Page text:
Election Day is upon us and the level of anxiety is rising. We feel caught in a downward spiral and climbing back up, rebuilding the nation’s lost greatness, is but an empty campaign slogan.
Some of us fall prey to apathy, some to cynicism, others obsess over the grave implications of the political moment. Neither of these reactions is effective nor even valid, yet not one of us is immune. Michelle Marozik’s obsession, however, found an aesthetic outlet that is informative and eye-catching. Michelle focuses our attention on the unholy marriage between capital and politics in America.
Her series Billionaires and Politicians renders in pencil over paper compositions of portraits and facts written in small, warped, insistent lettering. The effect is disquieting, perplexing, it triggers reaction. Even though the work is quietly descriptive, Michelle’s leaning can be easily determined. Yet she provides food for thought, regardless of our position in the spectrum; and though our reaction would be colored by our initial beliefs, the works do not leave us indifferent – as good political art should.
The works are on display in our window right now. You can also review the series check Michelle’s blog:
A rare & rather wide selection of Marcel Dzama’s books is gracing our window this month. Dzama - Canadian born, internationally renowned & Brooklyn based – happily coveted a certain catalogue raisonee in our window. A trading deal was struck and we ended up with, among other things, copies of the artist’s own books, exhibition catalogs and Royal Art Lodge material, all bearing Dzama’s signature accompanied by a fanciful illustration.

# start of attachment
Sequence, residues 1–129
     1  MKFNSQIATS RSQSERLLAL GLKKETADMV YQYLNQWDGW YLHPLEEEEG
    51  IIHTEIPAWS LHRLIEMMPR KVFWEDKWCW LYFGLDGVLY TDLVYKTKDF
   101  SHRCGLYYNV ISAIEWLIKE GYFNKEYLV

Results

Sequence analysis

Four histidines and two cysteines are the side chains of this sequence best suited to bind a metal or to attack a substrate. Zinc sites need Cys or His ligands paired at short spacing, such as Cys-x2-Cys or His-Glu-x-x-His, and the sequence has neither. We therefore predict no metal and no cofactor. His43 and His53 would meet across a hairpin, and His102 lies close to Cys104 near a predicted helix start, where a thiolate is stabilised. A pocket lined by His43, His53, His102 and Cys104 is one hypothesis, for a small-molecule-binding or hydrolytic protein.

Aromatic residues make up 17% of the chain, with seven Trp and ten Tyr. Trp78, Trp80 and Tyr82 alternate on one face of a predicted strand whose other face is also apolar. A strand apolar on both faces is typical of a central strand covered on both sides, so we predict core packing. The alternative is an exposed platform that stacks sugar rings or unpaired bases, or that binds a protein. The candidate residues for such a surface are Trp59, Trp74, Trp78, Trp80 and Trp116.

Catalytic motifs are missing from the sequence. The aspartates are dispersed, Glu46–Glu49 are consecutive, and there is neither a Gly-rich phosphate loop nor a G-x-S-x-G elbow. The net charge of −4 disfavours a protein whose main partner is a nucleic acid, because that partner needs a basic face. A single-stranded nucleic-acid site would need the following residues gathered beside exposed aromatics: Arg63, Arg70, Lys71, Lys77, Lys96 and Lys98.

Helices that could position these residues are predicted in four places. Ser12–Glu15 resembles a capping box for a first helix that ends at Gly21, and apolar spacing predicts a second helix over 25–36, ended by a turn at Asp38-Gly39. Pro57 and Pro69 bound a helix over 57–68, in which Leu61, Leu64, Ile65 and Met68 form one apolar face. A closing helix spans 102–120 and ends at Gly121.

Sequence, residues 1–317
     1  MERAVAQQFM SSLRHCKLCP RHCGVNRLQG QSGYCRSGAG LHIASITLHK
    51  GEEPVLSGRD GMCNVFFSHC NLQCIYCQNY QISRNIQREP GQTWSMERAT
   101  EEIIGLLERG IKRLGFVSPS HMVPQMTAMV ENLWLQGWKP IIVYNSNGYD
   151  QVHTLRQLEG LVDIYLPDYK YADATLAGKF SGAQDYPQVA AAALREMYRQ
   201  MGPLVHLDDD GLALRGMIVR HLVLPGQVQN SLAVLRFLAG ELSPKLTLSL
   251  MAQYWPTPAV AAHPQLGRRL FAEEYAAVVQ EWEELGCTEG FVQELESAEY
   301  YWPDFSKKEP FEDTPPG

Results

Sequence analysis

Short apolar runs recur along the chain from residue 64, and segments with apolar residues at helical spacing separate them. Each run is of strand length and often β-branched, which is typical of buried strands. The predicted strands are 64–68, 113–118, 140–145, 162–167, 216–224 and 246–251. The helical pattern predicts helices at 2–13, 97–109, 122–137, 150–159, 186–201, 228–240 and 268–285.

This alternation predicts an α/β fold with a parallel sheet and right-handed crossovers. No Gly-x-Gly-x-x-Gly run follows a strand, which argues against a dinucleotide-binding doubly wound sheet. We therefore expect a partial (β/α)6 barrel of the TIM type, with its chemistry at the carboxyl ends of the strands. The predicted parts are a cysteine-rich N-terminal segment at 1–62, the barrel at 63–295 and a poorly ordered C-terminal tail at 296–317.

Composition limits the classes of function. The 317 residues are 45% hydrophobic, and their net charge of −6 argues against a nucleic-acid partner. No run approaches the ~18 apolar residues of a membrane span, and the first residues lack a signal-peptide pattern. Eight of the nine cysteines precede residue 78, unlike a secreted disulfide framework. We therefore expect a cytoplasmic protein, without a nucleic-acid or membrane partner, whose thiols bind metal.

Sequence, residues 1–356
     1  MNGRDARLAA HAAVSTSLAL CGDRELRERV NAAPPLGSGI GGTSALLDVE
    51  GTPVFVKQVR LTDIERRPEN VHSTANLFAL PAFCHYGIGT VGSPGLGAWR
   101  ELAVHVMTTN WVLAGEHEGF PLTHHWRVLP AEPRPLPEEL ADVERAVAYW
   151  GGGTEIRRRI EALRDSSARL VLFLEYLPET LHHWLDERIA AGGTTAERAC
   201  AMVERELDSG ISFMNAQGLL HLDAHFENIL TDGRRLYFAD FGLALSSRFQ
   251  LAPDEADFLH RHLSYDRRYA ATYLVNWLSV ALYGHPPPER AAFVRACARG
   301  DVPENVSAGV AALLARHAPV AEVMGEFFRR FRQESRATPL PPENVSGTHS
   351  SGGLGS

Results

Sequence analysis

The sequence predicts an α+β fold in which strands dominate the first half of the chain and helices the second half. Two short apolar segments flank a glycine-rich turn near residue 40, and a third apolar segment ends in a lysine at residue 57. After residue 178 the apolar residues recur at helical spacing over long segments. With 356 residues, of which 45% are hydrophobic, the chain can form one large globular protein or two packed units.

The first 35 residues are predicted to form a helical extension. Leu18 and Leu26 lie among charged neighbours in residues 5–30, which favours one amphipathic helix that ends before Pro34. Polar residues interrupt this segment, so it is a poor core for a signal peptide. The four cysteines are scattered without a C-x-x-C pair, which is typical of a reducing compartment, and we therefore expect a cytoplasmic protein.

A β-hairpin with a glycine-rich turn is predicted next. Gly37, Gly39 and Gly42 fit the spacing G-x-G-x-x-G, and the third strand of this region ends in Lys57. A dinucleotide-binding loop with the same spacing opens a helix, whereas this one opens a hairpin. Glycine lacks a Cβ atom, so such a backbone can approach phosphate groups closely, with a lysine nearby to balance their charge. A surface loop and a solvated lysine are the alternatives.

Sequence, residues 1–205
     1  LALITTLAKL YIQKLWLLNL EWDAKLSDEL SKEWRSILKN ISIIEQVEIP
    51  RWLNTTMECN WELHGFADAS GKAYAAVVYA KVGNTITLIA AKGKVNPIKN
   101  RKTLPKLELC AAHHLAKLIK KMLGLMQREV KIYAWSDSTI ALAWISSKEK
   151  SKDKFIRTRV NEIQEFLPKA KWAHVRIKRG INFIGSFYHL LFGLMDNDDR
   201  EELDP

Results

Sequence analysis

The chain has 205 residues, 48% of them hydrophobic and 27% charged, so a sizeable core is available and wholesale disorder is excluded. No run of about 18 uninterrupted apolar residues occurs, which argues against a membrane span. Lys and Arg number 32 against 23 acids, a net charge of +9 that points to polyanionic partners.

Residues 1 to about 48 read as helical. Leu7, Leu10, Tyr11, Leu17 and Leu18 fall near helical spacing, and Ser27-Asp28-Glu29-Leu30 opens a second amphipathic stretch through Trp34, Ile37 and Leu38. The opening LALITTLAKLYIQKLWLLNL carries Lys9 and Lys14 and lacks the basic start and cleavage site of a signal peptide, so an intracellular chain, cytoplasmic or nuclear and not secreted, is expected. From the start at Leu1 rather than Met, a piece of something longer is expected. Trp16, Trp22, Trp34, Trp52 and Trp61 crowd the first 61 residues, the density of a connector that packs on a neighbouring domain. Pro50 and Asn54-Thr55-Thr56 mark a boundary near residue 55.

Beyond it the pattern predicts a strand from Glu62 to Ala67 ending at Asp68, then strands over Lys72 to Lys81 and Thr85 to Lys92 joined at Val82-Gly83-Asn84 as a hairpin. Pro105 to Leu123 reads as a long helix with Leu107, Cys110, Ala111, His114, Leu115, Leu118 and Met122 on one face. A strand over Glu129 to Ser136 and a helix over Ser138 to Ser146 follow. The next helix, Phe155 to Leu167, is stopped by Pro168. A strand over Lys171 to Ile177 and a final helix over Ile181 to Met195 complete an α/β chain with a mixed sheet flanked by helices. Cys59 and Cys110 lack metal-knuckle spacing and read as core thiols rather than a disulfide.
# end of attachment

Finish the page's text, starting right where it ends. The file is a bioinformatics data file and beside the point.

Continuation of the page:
The selection includes some scarce exhibition catalogs from Zwirner Gallery in New York, Timothy Taylor in London, Ikon in Brmingham and Sies + Höke in Düsseldorf.
Dzama’s hallucinatory world is idiosyncratic, almost solipsistic. It’s trippy, morbid, violent, but primarily funny.
His organic subjects, part human, part beasts, part trees, moving in naturally decorative surroundings, hellish background or blank space, wielding guns and shedding blood, combine a child-like pastoral & naive style with a world weary cynicism.
Among the collection we also got Dzama’s republication of another Marcel – Duchamp’s Opposition and Sister Squares Reconciled (Salon Verlag, 2011). A semi-forgotten work designated as a chess book for artists and an artbook for chess players.
Anyone who meets Dzama in person notes with surprise his quiet demeanor and his human warmth. Is it his work or his success that makes one expect anything different? – We are proud and lucky to have him among our patrons.